SeventhSense's avatar

You can’t generalize at all though. I mean if you look at some of the most talented people they often felt driven and self motivated from a very young age and they were the ones pressuring their parents because they had such a calling. For all the Cory Feldmans (not a super talent in my estimation) there were also the Mozarts. I don’t think he could have been denied his talent unless his parents handcuffed him.

davidbetterman's avatar

We are all responsible for our drug problems. Not our parents. Even if they drove us to use drugs.
As for why the parents pushed their chidren into show biz, it was more likely out of love for their children and recognition that the child had talent.

Exhausted's avatar

I think each situation is unique. Some kids enjoy performing and some don’t do well with it. The problem would be if the child was pushed and pushed beyond their limits to produce. If they are doing it for the love of doing it, then it would be the parents helping their children develop their skills/talents, but if they are doing it because their parents are using them for an income or to fill a void in the parents lives, then I don’t think the outcome would be beneficial for anyone. You can’t say that being a child star is a negative thing. If you counted all the child stars and then did statistics on the outcomes of their adulthood compared to the same number of kids who come from other childhoods, I’m sure the number of children that end up having problems as adults with drugs, drinking and relationships would be close to the same. Being a child star, in itself, is not the cause of their demise, it is how the process is handled and what their genetic makeup dictates that determines the outcome.

cak's avatar

When my daughter was about 6 months, we were approached – out of the blue – and asked if she modeled. She was 6 months. I thought the person was crazy. They explained that they were the creative director for a large department store and produced credentials. I told her she didn’t and I wasn’t sure I was interested. After meeting with her (at her office) again, and meeting the photographer, we agreed to a few test shots. Later, we agreed to let her appear in the ad. She was later asked to be in four more ads, at two, we were told she needed an agent. At two.

That’s where I drew the line. I didn’t want her to have a “full” modeling career. What she did was fun and neat, but it was a day or two thing, and we were finished. She was back to playing in the mud the next day.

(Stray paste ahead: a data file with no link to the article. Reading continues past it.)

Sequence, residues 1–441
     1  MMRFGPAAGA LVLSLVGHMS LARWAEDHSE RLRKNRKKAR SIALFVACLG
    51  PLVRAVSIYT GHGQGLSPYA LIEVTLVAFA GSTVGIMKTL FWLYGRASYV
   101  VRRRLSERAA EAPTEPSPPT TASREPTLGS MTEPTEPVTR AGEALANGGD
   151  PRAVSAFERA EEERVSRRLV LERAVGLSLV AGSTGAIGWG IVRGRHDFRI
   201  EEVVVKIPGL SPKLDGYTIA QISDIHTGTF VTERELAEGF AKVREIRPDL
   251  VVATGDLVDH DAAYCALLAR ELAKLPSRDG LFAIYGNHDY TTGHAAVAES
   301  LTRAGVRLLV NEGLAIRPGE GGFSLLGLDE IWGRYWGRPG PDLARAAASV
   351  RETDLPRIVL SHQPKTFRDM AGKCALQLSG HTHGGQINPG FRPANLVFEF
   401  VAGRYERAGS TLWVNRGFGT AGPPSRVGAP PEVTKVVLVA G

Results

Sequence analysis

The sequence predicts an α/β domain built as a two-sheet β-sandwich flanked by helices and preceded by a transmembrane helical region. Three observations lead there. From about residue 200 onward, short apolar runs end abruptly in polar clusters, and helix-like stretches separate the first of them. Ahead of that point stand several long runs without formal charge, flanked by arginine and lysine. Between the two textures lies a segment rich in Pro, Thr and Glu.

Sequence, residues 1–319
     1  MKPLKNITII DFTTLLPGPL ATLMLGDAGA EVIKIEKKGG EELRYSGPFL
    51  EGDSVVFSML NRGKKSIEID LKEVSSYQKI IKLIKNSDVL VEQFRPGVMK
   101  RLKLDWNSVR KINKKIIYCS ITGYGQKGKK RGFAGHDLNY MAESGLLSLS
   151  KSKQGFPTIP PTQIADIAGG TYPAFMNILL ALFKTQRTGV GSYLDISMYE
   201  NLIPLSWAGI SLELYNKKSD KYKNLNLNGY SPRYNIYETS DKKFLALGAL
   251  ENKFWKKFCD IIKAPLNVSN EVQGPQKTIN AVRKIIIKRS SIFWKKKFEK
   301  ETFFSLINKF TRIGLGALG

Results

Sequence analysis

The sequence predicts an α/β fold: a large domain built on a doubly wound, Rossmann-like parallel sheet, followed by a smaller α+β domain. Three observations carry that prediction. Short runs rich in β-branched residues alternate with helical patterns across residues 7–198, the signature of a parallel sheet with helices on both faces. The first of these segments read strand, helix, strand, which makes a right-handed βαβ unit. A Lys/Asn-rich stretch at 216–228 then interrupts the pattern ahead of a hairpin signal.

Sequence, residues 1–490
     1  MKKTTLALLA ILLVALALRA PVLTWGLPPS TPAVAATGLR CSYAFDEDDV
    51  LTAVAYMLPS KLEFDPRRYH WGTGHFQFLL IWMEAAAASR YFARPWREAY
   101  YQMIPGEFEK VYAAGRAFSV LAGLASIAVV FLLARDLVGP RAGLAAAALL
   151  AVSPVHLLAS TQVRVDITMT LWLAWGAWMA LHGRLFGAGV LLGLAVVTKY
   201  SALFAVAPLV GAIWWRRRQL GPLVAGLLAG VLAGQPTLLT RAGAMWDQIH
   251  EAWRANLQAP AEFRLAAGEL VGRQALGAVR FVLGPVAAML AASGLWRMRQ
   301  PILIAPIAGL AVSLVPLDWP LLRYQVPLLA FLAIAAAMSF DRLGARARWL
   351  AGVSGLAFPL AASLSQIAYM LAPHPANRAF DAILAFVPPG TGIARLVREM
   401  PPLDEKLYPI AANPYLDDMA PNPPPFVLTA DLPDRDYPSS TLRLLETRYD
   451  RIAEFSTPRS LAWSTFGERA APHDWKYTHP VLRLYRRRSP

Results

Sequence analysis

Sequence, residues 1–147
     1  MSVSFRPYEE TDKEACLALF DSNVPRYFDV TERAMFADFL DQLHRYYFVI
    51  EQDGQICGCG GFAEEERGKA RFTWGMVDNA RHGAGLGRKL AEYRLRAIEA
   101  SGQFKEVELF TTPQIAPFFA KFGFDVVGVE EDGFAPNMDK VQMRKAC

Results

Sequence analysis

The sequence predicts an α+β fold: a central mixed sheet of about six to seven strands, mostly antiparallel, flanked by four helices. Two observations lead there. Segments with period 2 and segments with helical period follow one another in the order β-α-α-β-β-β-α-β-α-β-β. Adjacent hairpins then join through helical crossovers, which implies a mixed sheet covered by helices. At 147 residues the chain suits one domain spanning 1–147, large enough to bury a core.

About a week or so after that conversation, my (now ex) had gone behind my back and contacted a few agencies and one wanted to see her. I was the one who caught the phone call. After talking to the agent for some time, I just told him I didn’t think it was the world I wanted her to know. I wanted her to chase fireflies and not worry if she skinned her knee…or if her teeth were a bit uneven. My ex and I never saw eye-to-eye on this, and to this day he still mentions the money we could have earned. I pointed out to him that we wouldn’t be earning that money – our daughter would. I always felt like it was a money thing for him, not just a lark.

The money is still in an account for her, along with the rest we’ve put back for her. She’s 16 now, grown and out of that awkward stage. We are often asked why we don’t push her in that direction. It’s simple, she’s not interested.

I saw some strange parents in the few experiences that I had with my daughter. I don’t get it. I don’t see the appeal.

As far as Cory Haim, it’s a tragedy – for sure; however, at 38, he made the choices to do drugs and unfortunately, he wasn’t always able to stay clean. Maybe it started as his parents, but somewhere along the way, it also became his choice. It’s such a different lifestyle – celebrity, being famous. Things are just different. I guess I’m still on the shocked side when I hear that someone is “normal” and not completely into the lifestyle.

YARNLADY's avatar

I have to agree with @SeventhSense on this one miracles do happen because it runs in my family. My Dad was a stage magician, and I was his assistant, from ages 8 through 18. My sister, age 14, registered herself in a local beauty contest, and even enrolled in what was called charm school in those days. Our parents agree to pay for it, but after a few local shows, she personally reimbursed them. Eventually she earned enough to buy and maintain her own car, which I had to drive until she turned 16.

My sons took it upon themselves, one as young as 7, to find local stage productions to participate in, without my knowledge until after the fact. My youngest son asked for dancing lessons, so he could perform in the Nutcracker, and after one year of lessons, he performed with the Sacramento Ballet.

This wasn’t out of a clear blue sky, Hubby and I danced in square dance competitions all around the state and helped develop the youngest square dance club in the country. They were invited to dance at Sea World one year.

It’s a complete travesty how the National Beauty Show for children has perverted what was a fun way for parents and children to get together and stage a local fund raising event. I helped stage many of these events and they were nothing like what you see on TV.

thriftymaid's avatar

That or pushing their kids to do what they themselves might have liked to have done.